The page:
My house price bet with Tony Locantro: An update

Wed, 19 Dec 2018  |  

This article first appeared on the Yahoo Finance website at this link: https://au.finance.yahoo.com/news/35-house-price-crash-unlikely-201301480.html 

------------------------------------------------------ 

Why a 35% house price crash is 'very unlikely'

Australian house prices dropped again in the September quarter to be 2.8 per cent below the December quarter 2017 peak, based on the Australian Bureau of Statistics dwelling price series. In many respects, the data is old news – the comprehensive Corelogic house price series for November has already been released and they show further price falls in the last two months.

House price bet

Why the ABS dwelling price series matters, to me at least, it that it forms the basis of the bet on house prices I made in September with Tony Locantro, Investment Manager with Alto Capital in Perth.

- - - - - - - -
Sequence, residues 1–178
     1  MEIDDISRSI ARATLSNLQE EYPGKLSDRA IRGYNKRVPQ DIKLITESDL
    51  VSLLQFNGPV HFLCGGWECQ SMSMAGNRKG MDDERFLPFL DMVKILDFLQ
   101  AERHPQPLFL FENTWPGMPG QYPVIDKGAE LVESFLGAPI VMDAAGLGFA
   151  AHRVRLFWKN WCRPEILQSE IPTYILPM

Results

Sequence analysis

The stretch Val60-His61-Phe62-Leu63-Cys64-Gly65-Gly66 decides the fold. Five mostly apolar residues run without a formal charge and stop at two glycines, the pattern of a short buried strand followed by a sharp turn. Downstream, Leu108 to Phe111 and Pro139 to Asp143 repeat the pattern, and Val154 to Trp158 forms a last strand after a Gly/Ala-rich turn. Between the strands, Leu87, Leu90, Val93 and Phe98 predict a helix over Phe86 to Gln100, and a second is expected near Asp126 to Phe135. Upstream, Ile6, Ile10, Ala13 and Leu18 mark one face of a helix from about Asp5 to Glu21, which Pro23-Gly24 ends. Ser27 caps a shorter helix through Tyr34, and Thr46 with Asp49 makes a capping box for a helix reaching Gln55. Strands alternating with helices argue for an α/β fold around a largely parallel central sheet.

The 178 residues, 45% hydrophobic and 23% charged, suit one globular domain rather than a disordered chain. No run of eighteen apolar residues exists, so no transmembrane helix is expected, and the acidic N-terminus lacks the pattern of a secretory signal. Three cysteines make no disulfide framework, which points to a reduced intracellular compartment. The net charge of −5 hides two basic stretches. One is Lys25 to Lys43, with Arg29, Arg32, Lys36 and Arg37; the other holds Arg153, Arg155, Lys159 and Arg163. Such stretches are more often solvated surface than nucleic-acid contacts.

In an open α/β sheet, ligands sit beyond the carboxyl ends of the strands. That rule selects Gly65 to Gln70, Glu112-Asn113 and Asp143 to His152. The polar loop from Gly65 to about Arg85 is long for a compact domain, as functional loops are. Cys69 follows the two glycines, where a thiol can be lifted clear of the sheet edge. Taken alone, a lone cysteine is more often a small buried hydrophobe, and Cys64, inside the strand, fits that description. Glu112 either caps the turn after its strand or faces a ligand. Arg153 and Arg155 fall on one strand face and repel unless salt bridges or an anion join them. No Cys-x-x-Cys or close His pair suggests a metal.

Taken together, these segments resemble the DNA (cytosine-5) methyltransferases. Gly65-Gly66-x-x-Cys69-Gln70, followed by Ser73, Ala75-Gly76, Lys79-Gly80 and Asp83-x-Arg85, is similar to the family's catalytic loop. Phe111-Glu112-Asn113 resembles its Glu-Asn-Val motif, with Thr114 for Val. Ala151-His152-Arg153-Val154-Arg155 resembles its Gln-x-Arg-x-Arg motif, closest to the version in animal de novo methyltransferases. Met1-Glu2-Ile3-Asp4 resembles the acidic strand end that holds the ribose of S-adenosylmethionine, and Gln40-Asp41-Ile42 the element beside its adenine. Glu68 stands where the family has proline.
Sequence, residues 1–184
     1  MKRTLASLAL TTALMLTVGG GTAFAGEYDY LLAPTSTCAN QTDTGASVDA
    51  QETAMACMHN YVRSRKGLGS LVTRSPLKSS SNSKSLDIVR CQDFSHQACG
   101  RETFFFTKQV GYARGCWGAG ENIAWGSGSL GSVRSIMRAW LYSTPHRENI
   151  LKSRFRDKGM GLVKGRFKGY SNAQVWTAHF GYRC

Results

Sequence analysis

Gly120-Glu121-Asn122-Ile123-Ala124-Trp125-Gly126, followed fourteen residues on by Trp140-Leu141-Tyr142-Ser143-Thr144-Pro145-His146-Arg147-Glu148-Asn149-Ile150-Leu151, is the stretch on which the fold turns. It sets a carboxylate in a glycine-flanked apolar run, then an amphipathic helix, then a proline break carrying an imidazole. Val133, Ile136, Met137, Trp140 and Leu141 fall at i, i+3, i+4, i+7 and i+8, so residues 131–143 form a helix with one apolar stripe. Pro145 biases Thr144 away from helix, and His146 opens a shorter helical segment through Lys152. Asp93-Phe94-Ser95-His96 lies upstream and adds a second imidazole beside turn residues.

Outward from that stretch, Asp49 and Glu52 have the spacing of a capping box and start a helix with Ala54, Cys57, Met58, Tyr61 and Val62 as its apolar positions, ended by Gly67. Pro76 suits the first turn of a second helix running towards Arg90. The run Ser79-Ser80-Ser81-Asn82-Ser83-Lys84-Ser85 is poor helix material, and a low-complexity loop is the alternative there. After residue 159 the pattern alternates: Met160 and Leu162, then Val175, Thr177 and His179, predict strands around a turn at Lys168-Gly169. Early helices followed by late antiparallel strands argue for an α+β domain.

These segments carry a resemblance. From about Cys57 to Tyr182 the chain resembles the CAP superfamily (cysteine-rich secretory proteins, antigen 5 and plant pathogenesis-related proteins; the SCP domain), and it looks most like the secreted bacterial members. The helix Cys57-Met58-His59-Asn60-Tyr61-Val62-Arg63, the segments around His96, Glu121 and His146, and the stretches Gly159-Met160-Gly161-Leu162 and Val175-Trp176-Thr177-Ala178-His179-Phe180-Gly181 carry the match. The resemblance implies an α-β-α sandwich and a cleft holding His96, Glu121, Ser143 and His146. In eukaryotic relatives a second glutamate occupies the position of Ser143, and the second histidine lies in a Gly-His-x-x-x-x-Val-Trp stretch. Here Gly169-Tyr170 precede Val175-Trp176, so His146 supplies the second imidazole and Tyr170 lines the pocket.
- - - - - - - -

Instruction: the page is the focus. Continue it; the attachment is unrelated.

Tony and I had a bet that at any stage between now and the time the December quarter 2021 dwelling price data are published by the Australian Bureau of Statistics, the price index for any of Sydney, Melbourne or the aggregate eight capital cities prices is down 35.0 per cent or more, I will give Tony $15,000 cash. Conversely, if by the time the December quarter 2021 data are published and the peak to trough decline is 34.9 per cent or less in Sydney, Melbourne and the eight capital cities, Tony has to give me $2,500.

These generous odds and benchmark for the 35.0 per cent price fall that I offered Tony reflected the absurd nature of a forecast from DFA’s Martin North to the effect that his forecast was for house prices to “drop 40 to 45 per cent over the next three years or so”.